« AnteriorContinuar »
And filled my swelling sails as they were wafted
To many a triumph! Thou, my native earth,
Which I have bled for; and thou foreign earth,
Which drank this willing blood from many a wound!
Ye stones, in which my gore will not sink, but
Reek up to Heaven! Ye skies, which will receive it!
Thou sun! which shinest on these things; and Thou,
Who kindlest and who quenchest suns! Attest!
I am not innocent, but, are these guiltless?
I perish, but not unavenged; far ages
Float up from the abyss of time to be,
And show these eyes, before they close, the doom
Of this proud city; and I leave my curse
On her and hers forever! - Yes, the hours
Are silently engendering of the day
When she, who built 'gainst Attila a bulwark,
Shall yield, and bloodlessly and basely yield,
Unto a bastard Attila, without
Shedding so much blood in her last defence
As these old veins, oft drained in shielding her,
Shall pour in sacrifice. She shall be bought
And sold, and be an appanage to those
Who shall despise her! She shall stoop to be
A province for an empire; petty town
In lieu of capital, with slaves for Senates,
Beggars for Nobles, panders for a People!
Then, when the Hebrew 's in thy palaces,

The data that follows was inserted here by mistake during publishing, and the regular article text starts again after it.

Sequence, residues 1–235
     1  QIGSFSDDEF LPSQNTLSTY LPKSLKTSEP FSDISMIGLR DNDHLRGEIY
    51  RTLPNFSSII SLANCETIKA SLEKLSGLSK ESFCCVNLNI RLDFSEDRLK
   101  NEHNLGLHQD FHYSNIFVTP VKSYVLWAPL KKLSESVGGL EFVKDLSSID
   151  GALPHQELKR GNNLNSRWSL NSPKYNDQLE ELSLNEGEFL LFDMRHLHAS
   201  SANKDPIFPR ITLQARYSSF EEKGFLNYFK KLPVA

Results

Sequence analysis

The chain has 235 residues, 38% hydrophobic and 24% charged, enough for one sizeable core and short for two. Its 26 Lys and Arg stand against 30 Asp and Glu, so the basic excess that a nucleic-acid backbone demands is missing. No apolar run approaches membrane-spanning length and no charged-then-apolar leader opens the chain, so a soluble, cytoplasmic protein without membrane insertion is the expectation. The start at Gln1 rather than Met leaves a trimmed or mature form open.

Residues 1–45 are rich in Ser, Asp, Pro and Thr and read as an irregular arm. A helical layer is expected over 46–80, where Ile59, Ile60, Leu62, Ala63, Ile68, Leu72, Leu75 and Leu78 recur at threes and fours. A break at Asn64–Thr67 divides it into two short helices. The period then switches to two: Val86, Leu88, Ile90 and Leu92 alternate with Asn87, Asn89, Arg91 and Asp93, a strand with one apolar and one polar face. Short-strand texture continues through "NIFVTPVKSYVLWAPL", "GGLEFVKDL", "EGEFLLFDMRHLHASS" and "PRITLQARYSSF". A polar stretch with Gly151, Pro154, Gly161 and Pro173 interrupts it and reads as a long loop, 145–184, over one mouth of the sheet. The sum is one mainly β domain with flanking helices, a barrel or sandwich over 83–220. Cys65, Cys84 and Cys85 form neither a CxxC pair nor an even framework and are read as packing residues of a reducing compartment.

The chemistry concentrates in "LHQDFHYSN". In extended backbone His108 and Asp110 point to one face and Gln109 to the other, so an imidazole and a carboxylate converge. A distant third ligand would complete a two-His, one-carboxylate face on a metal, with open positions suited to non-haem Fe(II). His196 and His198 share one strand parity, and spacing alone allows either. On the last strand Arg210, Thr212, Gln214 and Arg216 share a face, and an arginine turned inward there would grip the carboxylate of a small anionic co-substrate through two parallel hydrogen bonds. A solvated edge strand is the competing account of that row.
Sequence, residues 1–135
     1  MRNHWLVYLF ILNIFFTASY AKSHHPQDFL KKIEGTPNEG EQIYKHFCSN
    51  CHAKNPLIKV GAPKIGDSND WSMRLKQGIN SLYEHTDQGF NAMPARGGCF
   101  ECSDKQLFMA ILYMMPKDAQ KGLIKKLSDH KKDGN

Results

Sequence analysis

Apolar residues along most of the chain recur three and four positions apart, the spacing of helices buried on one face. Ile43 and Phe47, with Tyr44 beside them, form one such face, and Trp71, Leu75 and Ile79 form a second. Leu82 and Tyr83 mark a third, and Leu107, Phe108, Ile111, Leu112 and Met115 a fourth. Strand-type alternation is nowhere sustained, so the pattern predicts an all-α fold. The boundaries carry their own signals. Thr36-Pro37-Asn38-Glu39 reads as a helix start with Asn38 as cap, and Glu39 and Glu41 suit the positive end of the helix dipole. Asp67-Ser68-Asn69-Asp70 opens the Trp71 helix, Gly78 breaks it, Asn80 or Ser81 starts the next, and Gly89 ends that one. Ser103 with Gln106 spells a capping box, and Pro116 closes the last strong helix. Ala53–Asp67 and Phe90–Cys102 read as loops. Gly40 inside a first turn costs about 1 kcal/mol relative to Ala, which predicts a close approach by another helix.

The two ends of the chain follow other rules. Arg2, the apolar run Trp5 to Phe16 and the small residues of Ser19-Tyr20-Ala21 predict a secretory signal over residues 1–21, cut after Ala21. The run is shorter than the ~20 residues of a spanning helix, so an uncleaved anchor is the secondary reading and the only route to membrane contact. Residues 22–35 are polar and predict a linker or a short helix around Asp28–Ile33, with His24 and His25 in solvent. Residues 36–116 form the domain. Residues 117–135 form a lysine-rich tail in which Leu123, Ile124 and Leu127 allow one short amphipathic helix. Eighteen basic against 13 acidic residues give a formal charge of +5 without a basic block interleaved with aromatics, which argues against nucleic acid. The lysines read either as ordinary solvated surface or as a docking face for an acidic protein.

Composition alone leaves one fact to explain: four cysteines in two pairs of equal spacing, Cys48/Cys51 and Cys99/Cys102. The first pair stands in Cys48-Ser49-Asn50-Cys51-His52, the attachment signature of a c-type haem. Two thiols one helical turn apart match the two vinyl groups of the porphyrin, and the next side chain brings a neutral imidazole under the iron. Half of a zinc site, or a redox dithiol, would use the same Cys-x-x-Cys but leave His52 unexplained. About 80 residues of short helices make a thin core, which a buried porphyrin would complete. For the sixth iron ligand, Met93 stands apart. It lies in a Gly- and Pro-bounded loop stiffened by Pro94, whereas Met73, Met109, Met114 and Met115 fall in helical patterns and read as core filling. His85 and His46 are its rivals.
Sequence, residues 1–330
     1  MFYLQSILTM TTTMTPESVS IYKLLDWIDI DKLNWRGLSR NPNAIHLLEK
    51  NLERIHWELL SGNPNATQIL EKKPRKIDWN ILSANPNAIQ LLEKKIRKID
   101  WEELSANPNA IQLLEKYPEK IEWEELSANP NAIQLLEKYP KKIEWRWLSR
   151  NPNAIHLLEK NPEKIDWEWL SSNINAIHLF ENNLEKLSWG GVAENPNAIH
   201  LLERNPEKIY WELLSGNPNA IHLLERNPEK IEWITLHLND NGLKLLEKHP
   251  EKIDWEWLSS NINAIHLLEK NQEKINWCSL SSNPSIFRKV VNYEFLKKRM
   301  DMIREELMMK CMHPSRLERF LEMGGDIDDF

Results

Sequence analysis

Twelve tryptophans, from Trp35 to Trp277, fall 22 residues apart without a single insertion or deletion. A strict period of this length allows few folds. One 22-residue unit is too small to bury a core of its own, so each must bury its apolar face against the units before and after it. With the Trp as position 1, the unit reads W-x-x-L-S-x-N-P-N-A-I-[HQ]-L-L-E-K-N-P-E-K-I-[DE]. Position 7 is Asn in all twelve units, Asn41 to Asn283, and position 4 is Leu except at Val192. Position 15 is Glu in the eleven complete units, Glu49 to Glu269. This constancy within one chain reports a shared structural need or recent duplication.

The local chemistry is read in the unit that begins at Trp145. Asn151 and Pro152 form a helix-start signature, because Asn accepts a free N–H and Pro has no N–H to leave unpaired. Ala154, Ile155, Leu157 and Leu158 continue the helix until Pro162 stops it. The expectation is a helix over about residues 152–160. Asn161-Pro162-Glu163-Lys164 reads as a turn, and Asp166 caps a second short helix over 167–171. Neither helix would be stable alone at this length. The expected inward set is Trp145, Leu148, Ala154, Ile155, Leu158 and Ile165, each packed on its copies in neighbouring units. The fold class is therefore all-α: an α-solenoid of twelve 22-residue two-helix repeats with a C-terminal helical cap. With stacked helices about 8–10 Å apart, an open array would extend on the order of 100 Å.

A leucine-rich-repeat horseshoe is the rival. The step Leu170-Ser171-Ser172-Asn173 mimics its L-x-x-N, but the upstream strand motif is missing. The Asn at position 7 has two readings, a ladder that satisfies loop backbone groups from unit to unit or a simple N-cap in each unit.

The Hun in thy high places, and the Greek
Walks o'er thy mart, and smiles on it for his,
When thy Patricians beg their bitter bread
In narrow streets, and in their shameful need
Make their nobility a plea for pity,-
When all the ills of conquered States shall cling thee,
Vice without splendor, sin without relief,
When these, and more, are heavy on thee,
Smiles without mirth, and pastimes without pleasure,
Youth without honor, age without respect,
Meanness and weakness, and a sense of woe,
'Gainst which thou wilt not strive, and dar'st not murmur,
Have made thee last and worst of peopled deserts,
Then, in the last gasp of thine agony,
Amidst thy many murders, think of mine!
Thou den of drunkards with the blood of princes!
Gehenna of the waters! thou sea Sodom!
Thus I devote thee to the infernal Gods!
Thee, and thy serpent seed!
Strike, as I struck the foe!
Have struck these tyrants!
Strike, and but once!
Strike, as I would